Pavilions in an urban forest
The fences came down at the exhausted end of the year when attention and time were scarce. Martin Foley, recently re-elected as the state member for Albert Park, opened the newly completed Pickles St campus of Albert Park College on 18 December before dashing off to Albert Park Primary School’s end of year function. No time to dwell in appreciation.
The opening marked the conclusion – at least for now – of a project to create more space for burgeoning Albert Park College. The former Albert Park Primary infant school, most recently used by Melbourne City Mission, has been transformed into a new Liberal Arts campus. The project had three elements: restoring the heritage school building, creating new classroom/learning spaces and landscaping the garden surrounds.
The holiday break has allowed time for exploring the garden and the setting it creates for the restored school and its pavilion companions.
The school building had been looking unkempt. Paint was peeling from the proud blue turrets. It looked as if the school was about to be swallowed up by the encroaching trees.
The school building has been beautifully restored. It had closed in 1984 because of falling enrolments. The curtain of untidy vegetation has been pulled aside to reveal the building from all angles. The restoration has strengthened the school’s presence on Pickles St with a wide and generous entrance leading to the front door. If anything, the school looks almost looks too clean, too bright, like a pair of new shoes that need wearing in. This part of the project opened at the end of 2017.
But it was the second stage of the project taking shape behind the fences that had intrigued me through 2018.
First to the landscape since that is what I often walk past. When the project was first mooted, neighbours were worried about what the project would mean for the trees. Old elms had been joined over the last thirty years by eucalypts of various kinds which have now attained some stature. There is also a magnificent gum, a River Red perhaps, on the Henderson Street boundary.
Far from removing the trees, each one of them is respected and celebrated. Each tree sits in a bed of indigenous flowers and grasses, planted in a concentric circular pattern radiating outward from the trunk like ripples. As the plants grow, the trees will be encircled by plants – referencing tree rings perhaps? The pathways amongst and around the trees are made from blue stones, exquisitely smooth, carefully placed like stepping stones. It’s playful – feet need never touch the ground and the trees’ roots will be well protected. The openings in the palisade fence mean that the school feels open to the community – a hallmark of Albert Park College.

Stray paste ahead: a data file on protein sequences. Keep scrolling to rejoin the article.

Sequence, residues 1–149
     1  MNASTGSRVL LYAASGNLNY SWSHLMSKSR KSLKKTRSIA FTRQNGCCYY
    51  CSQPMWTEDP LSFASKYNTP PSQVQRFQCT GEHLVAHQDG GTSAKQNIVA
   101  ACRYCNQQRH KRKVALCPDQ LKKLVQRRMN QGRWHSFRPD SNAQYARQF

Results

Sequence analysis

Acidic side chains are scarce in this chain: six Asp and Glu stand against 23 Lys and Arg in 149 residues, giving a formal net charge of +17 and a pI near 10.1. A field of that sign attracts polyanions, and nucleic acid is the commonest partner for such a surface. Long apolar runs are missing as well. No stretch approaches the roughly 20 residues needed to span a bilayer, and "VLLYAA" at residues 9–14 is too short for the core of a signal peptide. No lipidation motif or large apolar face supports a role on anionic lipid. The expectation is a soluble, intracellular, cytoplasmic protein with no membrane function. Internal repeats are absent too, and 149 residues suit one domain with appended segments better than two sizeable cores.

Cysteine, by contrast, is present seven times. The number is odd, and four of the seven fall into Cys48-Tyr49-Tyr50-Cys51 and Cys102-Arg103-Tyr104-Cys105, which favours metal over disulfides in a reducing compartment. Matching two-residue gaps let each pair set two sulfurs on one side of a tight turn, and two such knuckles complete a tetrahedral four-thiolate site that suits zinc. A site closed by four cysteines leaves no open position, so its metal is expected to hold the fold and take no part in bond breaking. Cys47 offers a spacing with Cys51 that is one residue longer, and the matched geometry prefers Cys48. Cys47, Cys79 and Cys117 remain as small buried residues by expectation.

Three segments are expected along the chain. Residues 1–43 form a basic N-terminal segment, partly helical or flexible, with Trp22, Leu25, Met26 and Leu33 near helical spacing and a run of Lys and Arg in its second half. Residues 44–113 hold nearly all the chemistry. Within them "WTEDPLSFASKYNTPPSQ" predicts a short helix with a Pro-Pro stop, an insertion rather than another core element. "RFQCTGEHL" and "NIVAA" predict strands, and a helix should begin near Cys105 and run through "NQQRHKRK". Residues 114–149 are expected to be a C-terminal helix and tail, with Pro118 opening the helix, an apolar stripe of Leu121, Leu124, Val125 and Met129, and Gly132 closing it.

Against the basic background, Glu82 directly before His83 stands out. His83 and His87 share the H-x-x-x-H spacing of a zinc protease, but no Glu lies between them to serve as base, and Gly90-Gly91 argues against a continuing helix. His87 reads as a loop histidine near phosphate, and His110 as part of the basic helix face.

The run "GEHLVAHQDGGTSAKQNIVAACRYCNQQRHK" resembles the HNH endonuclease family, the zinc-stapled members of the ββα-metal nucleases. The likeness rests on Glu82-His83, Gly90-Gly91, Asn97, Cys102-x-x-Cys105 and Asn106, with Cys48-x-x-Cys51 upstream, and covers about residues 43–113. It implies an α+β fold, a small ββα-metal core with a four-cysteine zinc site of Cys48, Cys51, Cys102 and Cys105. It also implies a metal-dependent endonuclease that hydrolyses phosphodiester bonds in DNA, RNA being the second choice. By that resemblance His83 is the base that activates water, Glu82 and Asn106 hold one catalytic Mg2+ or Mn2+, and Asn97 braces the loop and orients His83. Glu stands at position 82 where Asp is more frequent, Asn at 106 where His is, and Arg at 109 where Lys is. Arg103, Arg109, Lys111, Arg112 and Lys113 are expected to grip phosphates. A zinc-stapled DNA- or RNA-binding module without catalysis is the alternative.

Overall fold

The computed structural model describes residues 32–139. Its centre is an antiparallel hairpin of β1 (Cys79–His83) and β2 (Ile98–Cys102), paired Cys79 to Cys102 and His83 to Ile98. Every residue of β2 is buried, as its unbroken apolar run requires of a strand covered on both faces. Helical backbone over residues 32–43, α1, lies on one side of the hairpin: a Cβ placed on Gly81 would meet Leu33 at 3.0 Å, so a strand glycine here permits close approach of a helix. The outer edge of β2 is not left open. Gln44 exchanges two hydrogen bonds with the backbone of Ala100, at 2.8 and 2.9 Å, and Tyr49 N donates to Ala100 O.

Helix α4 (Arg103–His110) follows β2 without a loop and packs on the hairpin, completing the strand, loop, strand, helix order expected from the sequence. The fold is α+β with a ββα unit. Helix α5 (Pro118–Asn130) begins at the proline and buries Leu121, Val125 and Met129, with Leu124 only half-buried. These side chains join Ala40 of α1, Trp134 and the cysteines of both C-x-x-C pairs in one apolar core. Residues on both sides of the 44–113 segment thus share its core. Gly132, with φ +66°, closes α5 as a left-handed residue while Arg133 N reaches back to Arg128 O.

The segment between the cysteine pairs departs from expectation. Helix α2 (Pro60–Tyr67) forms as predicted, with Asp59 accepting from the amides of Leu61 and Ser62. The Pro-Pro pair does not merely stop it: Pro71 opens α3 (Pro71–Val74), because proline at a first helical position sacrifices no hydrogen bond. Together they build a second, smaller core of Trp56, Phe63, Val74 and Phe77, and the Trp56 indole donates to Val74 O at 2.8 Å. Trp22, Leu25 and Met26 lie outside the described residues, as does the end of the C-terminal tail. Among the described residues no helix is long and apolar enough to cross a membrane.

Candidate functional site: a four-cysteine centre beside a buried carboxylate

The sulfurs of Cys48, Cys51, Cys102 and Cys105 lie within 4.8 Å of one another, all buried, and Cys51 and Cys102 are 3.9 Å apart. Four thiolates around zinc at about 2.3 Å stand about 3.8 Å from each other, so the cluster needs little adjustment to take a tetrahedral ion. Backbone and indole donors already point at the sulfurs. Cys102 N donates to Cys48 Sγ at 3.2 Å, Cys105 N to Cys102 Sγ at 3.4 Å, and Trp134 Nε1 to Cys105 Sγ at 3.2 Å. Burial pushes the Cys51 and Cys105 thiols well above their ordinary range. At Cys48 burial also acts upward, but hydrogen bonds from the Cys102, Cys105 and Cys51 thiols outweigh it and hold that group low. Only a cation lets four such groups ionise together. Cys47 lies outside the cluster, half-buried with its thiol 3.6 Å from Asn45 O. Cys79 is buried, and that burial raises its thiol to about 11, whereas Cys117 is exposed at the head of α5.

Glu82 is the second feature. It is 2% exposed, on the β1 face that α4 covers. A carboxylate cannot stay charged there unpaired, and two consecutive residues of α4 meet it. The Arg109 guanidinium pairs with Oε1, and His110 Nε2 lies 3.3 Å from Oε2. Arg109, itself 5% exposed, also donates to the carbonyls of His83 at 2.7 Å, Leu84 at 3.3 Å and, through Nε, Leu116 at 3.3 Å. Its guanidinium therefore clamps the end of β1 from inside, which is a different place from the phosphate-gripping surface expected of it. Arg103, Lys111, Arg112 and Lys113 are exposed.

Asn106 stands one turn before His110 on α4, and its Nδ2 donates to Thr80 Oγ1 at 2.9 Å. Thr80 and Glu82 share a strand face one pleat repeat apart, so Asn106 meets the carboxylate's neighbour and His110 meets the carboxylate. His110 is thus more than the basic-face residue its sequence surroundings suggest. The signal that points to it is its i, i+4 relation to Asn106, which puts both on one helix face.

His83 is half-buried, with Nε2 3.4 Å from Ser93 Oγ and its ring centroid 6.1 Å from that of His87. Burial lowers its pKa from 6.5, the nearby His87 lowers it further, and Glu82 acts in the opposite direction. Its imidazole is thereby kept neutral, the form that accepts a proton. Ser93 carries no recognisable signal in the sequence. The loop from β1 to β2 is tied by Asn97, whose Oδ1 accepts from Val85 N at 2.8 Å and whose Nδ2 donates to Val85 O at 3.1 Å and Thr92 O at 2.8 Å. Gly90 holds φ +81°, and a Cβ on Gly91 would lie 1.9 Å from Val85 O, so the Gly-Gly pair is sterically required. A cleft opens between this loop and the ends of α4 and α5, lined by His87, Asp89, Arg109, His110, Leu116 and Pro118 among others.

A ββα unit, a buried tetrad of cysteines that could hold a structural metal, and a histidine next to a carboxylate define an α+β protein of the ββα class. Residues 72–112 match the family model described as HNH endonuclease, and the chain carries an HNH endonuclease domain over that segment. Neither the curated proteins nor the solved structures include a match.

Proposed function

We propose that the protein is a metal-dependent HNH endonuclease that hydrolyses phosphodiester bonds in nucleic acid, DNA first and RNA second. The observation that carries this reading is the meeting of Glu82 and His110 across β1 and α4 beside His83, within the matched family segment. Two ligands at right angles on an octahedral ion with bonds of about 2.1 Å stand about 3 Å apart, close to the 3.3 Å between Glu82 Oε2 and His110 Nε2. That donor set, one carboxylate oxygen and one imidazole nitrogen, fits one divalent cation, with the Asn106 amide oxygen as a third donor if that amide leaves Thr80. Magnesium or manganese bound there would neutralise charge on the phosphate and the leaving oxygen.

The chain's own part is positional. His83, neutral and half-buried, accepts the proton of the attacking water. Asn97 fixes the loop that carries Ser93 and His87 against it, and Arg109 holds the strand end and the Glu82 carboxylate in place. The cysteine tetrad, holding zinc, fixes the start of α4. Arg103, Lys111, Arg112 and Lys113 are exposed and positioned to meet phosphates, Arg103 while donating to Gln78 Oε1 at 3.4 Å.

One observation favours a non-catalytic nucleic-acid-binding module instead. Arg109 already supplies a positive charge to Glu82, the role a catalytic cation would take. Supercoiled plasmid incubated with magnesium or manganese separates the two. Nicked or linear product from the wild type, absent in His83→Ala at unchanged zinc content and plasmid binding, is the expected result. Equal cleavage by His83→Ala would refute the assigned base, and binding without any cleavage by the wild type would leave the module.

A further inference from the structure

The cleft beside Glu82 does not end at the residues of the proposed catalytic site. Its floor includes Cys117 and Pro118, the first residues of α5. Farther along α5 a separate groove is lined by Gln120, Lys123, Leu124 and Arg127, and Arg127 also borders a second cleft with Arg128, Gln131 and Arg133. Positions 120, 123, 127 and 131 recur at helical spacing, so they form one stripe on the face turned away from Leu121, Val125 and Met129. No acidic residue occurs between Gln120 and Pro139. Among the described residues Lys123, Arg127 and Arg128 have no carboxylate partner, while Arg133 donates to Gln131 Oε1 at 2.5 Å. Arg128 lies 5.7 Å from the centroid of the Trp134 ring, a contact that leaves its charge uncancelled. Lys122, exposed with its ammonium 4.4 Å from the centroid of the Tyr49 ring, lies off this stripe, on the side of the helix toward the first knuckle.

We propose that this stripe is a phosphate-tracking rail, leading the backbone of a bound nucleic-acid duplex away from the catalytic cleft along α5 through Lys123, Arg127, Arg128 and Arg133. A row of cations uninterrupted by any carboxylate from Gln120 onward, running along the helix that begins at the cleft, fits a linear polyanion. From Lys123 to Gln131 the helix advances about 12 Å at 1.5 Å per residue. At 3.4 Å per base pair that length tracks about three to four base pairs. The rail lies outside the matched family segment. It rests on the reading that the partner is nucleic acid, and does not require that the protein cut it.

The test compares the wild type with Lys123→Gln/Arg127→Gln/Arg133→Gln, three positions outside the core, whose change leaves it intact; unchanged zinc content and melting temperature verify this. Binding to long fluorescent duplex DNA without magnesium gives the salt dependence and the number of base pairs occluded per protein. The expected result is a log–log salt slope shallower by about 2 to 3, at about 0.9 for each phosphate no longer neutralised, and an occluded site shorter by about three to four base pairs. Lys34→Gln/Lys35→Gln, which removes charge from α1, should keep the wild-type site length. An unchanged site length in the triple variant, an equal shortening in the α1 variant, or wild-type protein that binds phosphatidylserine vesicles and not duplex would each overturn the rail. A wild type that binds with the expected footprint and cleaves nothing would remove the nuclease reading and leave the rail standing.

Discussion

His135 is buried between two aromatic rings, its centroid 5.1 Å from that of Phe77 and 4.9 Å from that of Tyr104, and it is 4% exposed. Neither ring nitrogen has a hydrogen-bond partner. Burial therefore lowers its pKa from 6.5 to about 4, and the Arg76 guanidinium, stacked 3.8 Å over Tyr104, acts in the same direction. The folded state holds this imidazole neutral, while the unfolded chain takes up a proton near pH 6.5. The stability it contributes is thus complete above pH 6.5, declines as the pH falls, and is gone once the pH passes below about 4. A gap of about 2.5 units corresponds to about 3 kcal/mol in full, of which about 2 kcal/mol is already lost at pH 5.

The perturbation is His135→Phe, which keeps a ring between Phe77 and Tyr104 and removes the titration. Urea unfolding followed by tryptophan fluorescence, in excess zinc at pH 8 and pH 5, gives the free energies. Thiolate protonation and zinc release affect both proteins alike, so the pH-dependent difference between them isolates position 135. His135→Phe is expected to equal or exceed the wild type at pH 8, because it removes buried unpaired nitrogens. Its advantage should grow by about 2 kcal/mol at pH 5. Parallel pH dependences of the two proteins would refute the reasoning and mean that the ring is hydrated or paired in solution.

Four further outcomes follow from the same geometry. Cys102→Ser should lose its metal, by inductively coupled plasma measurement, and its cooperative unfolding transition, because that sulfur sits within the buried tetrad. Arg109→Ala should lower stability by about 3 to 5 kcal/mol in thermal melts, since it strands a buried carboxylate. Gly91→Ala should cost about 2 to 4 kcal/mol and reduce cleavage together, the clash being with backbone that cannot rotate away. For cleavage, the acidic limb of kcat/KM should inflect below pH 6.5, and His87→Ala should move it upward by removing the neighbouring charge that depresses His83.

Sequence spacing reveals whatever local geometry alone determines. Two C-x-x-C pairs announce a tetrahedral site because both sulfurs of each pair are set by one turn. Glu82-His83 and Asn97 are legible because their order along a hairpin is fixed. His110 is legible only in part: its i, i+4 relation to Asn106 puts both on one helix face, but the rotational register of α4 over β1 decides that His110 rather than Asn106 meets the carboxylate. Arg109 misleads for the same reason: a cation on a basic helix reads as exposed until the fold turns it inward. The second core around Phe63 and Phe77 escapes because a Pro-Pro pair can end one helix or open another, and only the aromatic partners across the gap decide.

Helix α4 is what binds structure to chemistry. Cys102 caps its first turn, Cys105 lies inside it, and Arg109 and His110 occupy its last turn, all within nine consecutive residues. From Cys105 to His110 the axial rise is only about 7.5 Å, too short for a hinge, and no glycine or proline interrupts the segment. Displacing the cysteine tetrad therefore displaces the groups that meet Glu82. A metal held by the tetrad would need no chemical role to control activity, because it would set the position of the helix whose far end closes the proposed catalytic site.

It remains to be seen how the landscape stands up to the way students use the space and whether it works as the designers intended. Site Office, the landscape architects, have not only retained the trees and added many new plants, but used the trees to organise the space into smaller areas within the garden.
Bench seating for the students is provided in various configurations in corners and nooks in the shade. There is also a roughly circular gathering place which you can imagine being used for ceremonial occasions.
Next, to the pavilions – a pair of classrooms on the northern side with a smaller one to the south. The pavilions are very clearly secondary to the main school building which takes centre stage.
The pavilions, designed by Jackson Clements Burrows, are offset and separate from the main school building. Made of black stained timber, they recede into the garden under the shade of the trees. The pavilions are austere yet elegant boxes containing flexible learning spaces.
The Pickles St campus of Albert Park College joins the Year 9 Environmental Arts Hub (cnr Beach and Bay St) as fine examples of restored heritage places complemented by respectful, sensitive and clever additions.
JCB describe the school as ‘a city hideout nestled among the trees’.
A few other Jackson Clements Burrows projects in Port Phillip
The St Kilda boardwalk, with Site Office
The emerging South Melbourne Life Saving Club on Beaconsfield Parade
Houses at 161 and 163 Esplanade West